Anal sacculectomy typically has few complications but as with any surgery, risks should be discussed with your veterinarian. For example, a dog could develop a mild form of fecal incontinence following an anal sacculectomy, which may be noted by the inability to control gas or the passing of fecal matter. Studies show small dogs are more prone to the occurrence. As well, if the sphincter nerve was touched or damaged during the procedure, the inability to control the movements of the bowel can occur. This is rarely permanent. Additionally, if the surgeon inadvertently pierces the rectum during dissection, a non-healing fistula may develop from the anus to the rectum.

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Anal Sacculectomy Prevention in Dogs

Chronic conditions of the anal glands such as impaction, infection, and abscess can occur for several reasons. Experts believe that the anal glands in dogs serve the purpose of marking territory and averting predators when threatened. Some canines do not express the glands fully, causing them to gradually fill up. Overweight dogs often have this problem; talk to your veterinarian about a weight reduction program for your pet. A dog that has developed a gastrointestinal disease that affects stool consistency may have a problem with the glands even though they previously did not. Discuss a diet change for your dog with your vet as a trial to see if a bulkier food can aid the anal sac elimination process.

Anal gland expression has helped canines from developing issues, performed by a licensed veterinarian or technician as needed. Typically done every few months, this procedure is a manual expression of the anal glands, which completed incorrectly could cause anal gland problems. Pet owners should never have their dog’s anal glands expressed by anyone other than a veterinarian. Dog groomers, pet store staff and dog trainers are generally not certified or medically trained to express anal glands in any pet unless they have received specific training.  

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Anal Sacculectomy Questions and Advice from Veterinary Professionals

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Shih Tzu

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Seven Years

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11 found helpful

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11 found helpful

Has Symptoms

Post Anal Sac Surgery

My dog has had anal sac surgery from a vet at the early stages when the red bump was just discovered. He did surgery to remove it but now there is just a gaping hole where the infection was. The vet told us to apply Entederm and give him his medication and it would be ok. But what I want to know is that 1) will the wound close up? 2) when is it safe for him to take a shower? 3) is it ok to take him outdoors? Thank you.

July 24, 2020

Owner

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Dr. Michele K. DVM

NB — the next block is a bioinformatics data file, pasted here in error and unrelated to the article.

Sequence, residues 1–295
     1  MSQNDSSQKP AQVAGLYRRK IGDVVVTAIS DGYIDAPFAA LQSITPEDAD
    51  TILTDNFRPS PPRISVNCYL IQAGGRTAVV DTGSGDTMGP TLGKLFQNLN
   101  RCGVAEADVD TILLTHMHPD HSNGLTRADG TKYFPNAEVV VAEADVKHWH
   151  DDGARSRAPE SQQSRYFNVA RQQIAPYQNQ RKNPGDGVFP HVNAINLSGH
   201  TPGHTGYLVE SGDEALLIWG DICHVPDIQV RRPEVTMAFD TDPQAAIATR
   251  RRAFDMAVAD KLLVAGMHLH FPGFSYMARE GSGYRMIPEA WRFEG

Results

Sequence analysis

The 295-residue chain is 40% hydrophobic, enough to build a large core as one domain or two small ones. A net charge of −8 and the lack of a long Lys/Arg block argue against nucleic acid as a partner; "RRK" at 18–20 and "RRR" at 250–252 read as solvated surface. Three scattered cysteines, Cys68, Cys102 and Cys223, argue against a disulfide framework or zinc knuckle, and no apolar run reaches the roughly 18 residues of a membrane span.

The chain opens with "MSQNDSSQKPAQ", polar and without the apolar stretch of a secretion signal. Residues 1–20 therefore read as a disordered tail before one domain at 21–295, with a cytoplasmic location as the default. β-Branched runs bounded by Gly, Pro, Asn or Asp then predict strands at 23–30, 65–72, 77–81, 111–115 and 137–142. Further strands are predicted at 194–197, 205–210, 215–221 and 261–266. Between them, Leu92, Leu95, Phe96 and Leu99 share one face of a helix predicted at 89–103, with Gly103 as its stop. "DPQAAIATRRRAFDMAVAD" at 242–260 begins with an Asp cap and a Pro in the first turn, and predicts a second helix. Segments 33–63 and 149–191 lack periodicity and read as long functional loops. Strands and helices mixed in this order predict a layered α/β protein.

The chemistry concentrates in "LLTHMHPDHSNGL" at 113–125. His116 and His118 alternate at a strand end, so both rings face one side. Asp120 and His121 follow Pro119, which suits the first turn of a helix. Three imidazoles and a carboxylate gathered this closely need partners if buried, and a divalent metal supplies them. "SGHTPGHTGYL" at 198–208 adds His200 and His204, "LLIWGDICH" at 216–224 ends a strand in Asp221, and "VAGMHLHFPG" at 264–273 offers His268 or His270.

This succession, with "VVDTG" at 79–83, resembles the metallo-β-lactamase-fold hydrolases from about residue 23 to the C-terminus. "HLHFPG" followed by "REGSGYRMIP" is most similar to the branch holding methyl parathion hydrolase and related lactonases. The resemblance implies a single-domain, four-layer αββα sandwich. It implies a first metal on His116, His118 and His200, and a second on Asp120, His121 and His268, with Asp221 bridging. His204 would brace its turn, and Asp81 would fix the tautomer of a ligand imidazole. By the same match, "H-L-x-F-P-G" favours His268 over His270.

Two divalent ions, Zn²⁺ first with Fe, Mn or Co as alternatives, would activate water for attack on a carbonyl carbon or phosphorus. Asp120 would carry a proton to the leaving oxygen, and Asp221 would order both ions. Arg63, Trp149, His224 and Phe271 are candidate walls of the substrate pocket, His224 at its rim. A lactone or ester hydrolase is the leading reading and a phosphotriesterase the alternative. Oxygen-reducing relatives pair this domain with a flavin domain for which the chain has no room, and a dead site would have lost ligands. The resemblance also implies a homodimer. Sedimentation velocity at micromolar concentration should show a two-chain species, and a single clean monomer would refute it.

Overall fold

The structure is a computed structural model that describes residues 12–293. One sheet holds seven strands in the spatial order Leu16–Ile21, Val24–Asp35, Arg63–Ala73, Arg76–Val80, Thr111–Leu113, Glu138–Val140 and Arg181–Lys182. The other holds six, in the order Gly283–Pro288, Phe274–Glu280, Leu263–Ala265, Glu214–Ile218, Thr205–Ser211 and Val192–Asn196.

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11 Recommendations

Thank you for your question. It is hard to answer your questions, unfortunately, without knowing how long it has been since the surgery or being able to see what the wound looks like. Surgery of the anal glands is a common surgery where the sutures might break down because of the area that it is, and it is prone to infection. I think because I can't see it, frequently rechecks with your veterinarian would be a good idea, and I would not expect that there would be a charge for that as a follow-up to surgery. They would be able to monitor how well it's healing, and see if anything else needs to be done. I hope that he continues to recover well and everything goes fine for him!

July 24, 2020

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Dachshund

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Seven Years

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0 found helpful

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0 found helpful

Has Symptoms

Has A Bump Come Up 2Nd Time Now, 1St Time Vet Went In And Found Stitch. His Procedure Was 3 Yrs Ago And Still Has Issues

What to do? See a specialist? I’m at my wits end for my dog.

July 20, 2020

Owner

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Dr. Michele K. DVM

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0 Recommendations

Thank you for your question. It is difficult to say what you might be able to do, as I'm not sure what the problem is that your dog is having. If he is having incontinence issues, that is sometimes related to the surgery, if he is having recurrent infections, that can be related to the surgery as well. Since it's hard to say without knowing what problems he's having, it may be best to have a frrank conversation with your veterinarian, see what they think might be going on, and get a second opinion if you are not sure. If they feel that having a specialist look at him is the next best step, they can refer you to that person. I hope that all goes well for him.

July 20, 2020